Trimming done you are ready to fly and doing so is simple but does take a few attempts to get the hang off. The main controls at the bottom of the control panel are familiar type controls being that they are of the paddle type. The one on the right is for speed of rotors and hence controls the height. The one on the left is for the speed of the tail rotor and controls direction. A quick sharp burst on the height control will send the helicopter straight to the roof and crash. So a gentle but positive motion slowly increasing the speed will give a more realistic take of. The copter will slightly hover above it resting place and when more power is applied via the control up she'll go.
Obviously whilst controlling the speed of rise you also have to control the direction and this requires pretty much the opposite to get maximum control. A few quick sharps bursts in the opposite direction to which you want to go will firstly straighten up the flight path.
This is perhaps the trickiest bit since the response from the copter will depend of draughts in the room. A little practice will see you soon perfect this. Once you have mastered the controls everything else is just enjoying the flight and the fun.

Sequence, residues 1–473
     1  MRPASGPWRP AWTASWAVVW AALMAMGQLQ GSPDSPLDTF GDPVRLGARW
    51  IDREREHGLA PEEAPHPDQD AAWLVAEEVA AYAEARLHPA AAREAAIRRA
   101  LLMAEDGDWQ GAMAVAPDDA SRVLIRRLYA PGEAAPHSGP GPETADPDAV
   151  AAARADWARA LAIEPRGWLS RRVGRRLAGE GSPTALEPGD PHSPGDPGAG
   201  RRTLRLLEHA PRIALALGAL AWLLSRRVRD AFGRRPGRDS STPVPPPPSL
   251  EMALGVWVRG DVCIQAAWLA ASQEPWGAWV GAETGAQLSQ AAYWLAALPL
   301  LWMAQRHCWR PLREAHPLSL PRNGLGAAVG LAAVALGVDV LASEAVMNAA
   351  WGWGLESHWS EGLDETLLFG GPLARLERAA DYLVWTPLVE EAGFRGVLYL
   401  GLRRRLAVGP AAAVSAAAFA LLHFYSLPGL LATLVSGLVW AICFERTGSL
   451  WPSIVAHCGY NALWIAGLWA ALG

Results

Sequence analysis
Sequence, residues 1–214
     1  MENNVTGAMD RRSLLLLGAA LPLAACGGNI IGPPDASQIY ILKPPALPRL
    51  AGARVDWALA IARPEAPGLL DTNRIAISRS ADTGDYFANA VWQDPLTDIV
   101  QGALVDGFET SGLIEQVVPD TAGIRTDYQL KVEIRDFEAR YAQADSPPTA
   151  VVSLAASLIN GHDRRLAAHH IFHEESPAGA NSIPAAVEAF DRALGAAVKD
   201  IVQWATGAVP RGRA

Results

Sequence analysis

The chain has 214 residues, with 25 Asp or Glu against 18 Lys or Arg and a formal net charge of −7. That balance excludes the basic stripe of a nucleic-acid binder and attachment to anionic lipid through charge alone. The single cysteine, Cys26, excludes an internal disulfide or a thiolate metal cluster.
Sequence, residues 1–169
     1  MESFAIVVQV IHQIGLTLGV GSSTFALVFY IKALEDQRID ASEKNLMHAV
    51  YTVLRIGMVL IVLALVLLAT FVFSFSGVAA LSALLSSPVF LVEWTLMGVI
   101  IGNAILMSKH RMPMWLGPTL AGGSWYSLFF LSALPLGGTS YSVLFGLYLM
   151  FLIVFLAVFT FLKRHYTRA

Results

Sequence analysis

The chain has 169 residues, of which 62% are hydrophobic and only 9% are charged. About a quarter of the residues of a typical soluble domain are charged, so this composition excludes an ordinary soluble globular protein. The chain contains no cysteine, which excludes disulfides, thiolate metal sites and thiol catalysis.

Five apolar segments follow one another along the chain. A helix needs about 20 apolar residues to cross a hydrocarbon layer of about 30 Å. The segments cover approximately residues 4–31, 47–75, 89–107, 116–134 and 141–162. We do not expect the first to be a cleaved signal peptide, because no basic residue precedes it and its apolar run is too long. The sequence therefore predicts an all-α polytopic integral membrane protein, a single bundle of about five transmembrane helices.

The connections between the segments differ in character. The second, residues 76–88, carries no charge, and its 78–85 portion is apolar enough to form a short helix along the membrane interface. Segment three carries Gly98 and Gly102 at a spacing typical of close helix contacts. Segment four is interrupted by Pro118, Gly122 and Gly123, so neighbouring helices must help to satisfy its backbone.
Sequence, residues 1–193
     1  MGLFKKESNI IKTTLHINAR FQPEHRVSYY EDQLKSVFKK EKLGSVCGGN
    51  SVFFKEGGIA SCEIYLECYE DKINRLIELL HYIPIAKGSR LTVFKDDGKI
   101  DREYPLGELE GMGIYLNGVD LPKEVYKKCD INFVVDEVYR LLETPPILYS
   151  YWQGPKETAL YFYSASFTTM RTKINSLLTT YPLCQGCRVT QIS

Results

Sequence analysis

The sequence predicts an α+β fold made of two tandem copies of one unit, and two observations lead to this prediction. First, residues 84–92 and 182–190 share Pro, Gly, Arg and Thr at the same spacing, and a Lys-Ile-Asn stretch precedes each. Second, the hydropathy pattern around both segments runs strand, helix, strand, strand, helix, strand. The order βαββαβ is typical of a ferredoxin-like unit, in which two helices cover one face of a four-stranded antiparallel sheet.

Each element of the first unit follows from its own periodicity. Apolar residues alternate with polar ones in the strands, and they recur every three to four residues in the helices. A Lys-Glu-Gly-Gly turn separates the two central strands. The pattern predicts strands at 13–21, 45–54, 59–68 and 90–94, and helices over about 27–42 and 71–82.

A good starting point is to take off from the coffee table and then fly round the room and land close to where you took off. This will give you a better idea of the controls and will also give you a great deal of satisfaction at having completed the task.
The Silverlit zooms round the room, but being small is an advantage in so much as the space it is flying in seems larger. You will have times where you over compensate for draughts and regaining control is fun. Other times the ceiling will get hit and the copter will crash to the floor. No draughts then open the back door and let a little in. It creates a challenge.
The rotors are fragile but not so much so that they can't take a fair bit of bumping and crashing. One replacement tail rotor is supplied and they are easily purchased on the net in packs of three for about £3.
One slight problem with regard to the rotors is that should I crash to the floor with rotors still rotating then there are times when some of Tasha's hair has got entangled. This isn't a big problem as the rotors are just push fit. It does require a certain amount of tenderness not the breaks while removing the hair though.